1990 contingent def: Major Owens (Unbought and Unbossed!), Robert C. Byrd (Republican)
1992 def: Ruth Bader Ginsburg (Unbought and Unbossed!), Pat Buchanan (Republican)
1996 def: Jesse Jackson (Independent), Jack Fellure (Republican)


2001-2013: Jerry Brown (Non-Partisan [de-facto Democratic])
2000 def: John Lewis
2004 def: Peter Camejo, Leonard Peltier, John McAfee
2008 def: Carolyn Cheeks Kilpatrick, Rocky de la Fuente


2013-present: Charles E. “Chuck” Schumer (Non-Partisan [de-facto Democratic])
2012 def: Chris Van Hollen, Russ Feingold, Cynthia McKinney
2016 def: Hilda Solis, Oprah Winfrey, Alan Grayson, Rocky de la Fuente


Warren G. Harding was such a beautiful disaster as President that he had already crippled the ability of the Republican Party to win elections ever again, even before the Great Depression kicked them while they were down and Pat Brown, between his ruthless political machine and clever use of cross-filing, rendered them an impotent joke (Koch did come awfully close in '84, though he and the rest of the party were awfully uncomfortable as to why that was).

Jerry Brown's elimination of partisan elections in the late 90's was intended as a way to "re-democratize" the political process, though in practice it was simply a way to ensure the Democratic machine could keep its opposition divided and confused. At least, that was the theory -- after the "Progressive Movement" managed to force the first-ever runoff election last year, international observers are wondering if the political order that lasted nearly a century is ready to fall...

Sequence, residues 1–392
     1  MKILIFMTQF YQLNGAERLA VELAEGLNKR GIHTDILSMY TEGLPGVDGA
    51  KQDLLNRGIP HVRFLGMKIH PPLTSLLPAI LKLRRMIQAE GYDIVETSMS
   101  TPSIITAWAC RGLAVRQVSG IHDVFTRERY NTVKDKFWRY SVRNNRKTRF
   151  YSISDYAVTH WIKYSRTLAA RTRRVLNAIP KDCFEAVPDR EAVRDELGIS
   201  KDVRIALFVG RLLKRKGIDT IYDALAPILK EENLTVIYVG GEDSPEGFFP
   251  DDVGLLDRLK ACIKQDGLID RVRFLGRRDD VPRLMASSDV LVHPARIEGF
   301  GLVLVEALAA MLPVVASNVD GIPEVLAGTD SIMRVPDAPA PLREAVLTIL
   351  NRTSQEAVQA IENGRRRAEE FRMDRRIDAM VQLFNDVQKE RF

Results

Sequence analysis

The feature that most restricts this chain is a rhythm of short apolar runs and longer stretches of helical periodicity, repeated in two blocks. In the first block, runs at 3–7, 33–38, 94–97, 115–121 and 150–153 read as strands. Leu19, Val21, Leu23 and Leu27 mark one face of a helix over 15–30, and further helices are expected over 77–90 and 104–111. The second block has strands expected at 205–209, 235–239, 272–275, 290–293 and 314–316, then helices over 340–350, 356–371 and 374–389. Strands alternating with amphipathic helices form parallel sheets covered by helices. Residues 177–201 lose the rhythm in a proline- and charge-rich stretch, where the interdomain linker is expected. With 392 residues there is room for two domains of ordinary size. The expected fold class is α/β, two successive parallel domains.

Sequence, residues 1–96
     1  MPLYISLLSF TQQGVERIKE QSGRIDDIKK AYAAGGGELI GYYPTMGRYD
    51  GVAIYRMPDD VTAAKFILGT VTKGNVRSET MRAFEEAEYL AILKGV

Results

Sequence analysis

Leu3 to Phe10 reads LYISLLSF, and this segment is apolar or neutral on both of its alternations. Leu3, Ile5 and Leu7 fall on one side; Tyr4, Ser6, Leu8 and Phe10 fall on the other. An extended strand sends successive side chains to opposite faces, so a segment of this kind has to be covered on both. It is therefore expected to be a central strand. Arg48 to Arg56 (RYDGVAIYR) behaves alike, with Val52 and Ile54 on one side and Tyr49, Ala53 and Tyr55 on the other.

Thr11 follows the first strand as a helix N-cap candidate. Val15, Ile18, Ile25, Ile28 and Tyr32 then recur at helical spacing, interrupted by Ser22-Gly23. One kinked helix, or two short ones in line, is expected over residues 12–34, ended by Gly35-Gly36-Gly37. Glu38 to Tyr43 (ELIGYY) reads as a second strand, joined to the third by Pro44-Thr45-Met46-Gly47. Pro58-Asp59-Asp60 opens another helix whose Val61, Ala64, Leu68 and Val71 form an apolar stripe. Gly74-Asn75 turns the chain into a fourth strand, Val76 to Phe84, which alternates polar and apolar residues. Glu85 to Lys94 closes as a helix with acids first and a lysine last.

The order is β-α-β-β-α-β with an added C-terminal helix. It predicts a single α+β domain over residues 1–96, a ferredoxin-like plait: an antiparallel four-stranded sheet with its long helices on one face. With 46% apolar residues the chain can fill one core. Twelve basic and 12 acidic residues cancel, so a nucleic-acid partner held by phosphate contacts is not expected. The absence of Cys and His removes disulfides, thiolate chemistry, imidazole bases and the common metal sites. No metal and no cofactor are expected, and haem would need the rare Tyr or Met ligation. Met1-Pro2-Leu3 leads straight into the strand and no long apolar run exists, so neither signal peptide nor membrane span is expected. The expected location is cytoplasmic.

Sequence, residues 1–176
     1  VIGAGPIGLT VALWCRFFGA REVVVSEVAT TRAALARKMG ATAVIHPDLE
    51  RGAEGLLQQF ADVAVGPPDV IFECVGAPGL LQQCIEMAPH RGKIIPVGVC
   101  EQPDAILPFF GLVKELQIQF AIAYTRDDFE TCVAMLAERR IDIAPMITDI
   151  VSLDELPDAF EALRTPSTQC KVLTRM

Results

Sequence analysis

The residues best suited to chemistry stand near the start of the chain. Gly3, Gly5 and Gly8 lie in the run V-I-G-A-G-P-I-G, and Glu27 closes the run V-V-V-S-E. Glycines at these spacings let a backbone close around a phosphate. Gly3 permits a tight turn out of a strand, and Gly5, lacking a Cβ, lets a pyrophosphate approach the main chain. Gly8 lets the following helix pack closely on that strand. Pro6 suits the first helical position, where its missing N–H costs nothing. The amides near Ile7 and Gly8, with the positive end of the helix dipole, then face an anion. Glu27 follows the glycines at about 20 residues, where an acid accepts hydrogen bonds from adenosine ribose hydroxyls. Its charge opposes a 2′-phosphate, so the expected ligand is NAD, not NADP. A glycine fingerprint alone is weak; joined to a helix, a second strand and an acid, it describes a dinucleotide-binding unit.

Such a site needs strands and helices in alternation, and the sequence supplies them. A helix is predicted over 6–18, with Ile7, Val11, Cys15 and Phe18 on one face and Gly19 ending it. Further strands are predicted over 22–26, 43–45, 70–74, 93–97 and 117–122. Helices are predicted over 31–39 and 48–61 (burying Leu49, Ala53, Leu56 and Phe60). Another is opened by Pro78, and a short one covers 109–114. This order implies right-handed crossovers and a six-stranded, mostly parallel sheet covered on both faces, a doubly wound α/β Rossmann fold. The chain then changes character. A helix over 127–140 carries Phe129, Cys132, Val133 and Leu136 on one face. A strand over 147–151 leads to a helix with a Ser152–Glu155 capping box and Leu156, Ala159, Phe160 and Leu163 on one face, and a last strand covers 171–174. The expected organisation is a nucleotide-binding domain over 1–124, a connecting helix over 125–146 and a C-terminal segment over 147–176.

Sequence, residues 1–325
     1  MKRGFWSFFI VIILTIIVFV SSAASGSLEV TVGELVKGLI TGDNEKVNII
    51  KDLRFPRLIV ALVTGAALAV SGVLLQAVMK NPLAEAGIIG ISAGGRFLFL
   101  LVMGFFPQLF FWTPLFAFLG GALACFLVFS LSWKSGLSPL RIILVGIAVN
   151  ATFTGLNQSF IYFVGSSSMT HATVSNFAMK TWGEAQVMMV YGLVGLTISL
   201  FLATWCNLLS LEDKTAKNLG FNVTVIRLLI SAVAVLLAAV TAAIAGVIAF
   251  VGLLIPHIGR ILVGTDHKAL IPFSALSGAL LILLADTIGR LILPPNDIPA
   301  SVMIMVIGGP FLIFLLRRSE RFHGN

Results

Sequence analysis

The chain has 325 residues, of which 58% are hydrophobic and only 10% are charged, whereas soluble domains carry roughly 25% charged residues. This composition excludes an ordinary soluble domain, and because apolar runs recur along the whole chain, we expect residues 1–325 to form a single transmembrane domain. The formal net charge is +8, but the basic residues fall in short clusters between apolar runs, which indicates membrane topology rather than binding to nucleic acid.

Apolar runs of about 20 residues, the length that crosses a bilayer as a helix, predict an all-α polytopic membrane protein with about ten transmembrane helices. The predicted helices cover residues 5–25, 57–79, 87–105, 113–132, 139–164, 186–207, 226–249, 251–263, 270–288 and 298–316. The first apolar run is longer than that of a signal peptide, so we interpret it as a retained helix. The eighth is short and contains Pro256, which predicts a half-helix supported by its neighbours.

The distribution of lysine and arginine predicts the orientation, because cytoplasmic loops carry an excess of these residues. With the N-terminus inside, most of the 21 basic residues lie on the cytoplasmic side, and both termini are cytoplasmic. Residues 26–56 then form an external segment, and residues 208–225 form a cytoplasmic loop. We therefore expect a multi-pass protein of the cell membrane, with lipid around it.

If Warren G. Harding was such an absolute disaster, then how did he win a non-consecutive third term? The corruption and scandals that would have plagued Harding during two terms would have stopped him from getting a third. If Republicans could survive Nixon, then they could survive Harding. I really don't think a Harding disaster no matter how bad would have led to his party's oblivion, but let's say it happened. First, I seriously doubt that the crippling of the Republican party would lead to complete Democratic domination from the 30s to the present day. A third party would have challenged and won against the Democrats as soon as the 50s. Second, It is really unlikely that the Democratic coalition would have held on that long especially with the leadership of the uninspiring John Nance Garner and the divisions between Northern and Soutern Democrats leading to gridlock. Also, Garner was not as powerful as FDR was so I seriously doubt him winning 4 terms.

Well, since this is a thing again, might as well bring out...

"American-Style Politics at it's Worst"
1909-1913: Boies Penrose (Republican)
1908 def: Alton Parker (Democratic), Benjamin Hanford (Socialist), Eugene Chafin (Prohibition)

1913-1917: William Jennings Bryan (Democratic)
1912 def: Nicholas Murray Butler (Republican), Eugene Debs (Socialist)

1917-1925: Warren G. Harding (Republican)
1916 def: James E. Ferguson (Democratic), Allan Benson (Socialist)
1920 def: James E. Ferguson (Democratic), George Perrin Davis (Independent), Samuel Gompers (Labor), Emil Seidel (Socialist)